Thanks for the comments. I agree that the tools are mostly irrelevant but the relationships that are established on these platforms are important and abandoning someone with whom you have established a connection is not acceptable to me. Perhaps when it becomes easier to follow/ interact with people wherever they might, or want to, be (platform-independent interactions), the issue of too many sites will be less of an concern as *where* people interact will be inherently transitory. That being said, things still do feel pretty chaotic right now...

Profile Photo Gerry La Londe-Berg

To create value for the people we serve this question has to be addressed in multiple dimensions. The electronic communication tools we are using are just one aspect.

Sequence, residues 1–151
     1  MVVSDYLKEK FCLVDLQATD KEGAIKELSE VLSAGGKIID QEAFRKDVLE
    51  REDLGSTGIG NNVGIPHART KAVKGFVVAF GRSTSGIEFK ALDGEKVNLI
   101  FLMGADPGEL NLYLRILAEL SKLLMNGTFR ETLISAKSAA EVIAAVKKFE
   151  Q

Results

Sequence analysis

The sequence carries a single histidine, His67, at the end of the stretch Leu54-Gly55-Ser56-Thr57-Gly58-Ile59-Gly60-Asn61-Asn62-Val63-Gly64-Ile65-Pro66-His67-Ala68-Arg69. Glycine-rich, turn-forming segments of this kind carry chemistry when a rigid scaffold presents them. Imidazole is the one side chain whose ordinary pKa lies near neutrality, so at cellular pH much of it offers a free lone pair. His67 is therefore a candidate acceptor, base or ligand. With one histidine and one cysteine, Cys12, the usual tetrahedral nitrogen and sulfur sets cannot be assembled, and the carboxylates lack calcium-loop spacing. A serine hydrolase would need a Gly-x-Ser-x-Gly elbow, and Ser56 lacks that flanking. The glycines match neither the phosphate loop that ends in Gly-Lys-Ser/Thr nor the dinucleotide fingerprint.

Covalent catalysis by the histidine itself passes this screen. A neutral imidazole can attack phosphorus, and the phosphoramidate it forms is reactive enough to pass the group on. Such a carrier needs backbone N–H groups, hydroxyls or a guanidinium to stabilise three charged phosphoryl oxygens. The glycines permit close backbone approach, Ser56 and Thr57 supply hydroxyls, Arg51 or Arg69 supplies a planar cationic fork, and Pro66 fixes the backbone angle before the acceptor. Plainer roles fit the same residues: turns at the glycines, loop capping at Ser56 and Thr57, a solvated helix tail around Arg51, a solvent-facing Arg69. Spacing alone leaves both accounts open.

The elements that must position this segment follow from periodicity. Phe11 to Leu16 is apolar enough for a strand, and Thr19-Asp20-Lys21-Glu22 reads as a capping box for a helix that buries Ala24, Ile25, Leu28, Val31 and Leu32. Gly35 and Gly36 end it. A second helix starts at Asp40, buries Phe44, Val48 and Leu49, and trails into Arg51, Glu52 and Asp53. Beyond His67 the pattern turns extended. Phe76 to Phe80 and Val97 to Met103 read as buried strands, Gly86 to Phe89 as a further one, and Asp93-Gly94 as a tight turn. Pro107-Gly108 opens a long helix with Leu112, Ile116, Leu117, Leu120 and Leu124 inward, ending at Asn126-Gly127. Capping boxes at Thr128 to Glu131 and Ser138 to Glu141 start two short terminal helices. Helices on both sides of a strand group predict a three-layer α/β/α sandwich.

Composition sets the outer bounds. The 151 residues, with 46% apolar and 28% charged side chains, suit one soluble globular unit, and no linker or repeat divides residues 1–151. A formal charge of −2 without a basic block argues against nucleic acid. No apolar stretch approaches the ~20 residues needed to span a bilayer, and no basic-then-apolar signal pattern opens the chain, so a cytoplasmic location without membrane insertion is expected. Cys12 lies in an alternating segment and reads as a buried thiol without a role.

The most compelling and encouraging evidence I see each day on GovLoop is how people are dedicated to the service of citizens. I like what Pablo said about knowing our constituents. A lesson I've learned is that change in bureaucracy can be excruciatingly slow. It is participatory, so we have to let people, and systems, come up to speed... and be patient while they do.

Attention to the core mission in all we do is critical. As long as we have shared sense of core purpose and mission, we can experiment within those parameters. In the process we'll find some widely accepted/adopted modalities for service.

In summary, don't be discouraged and enjoy the process of moving forward. We're in this together.

Profile Photo Steve Ressler

I agree. Things feel pretty chaotic right now but maybe that's good.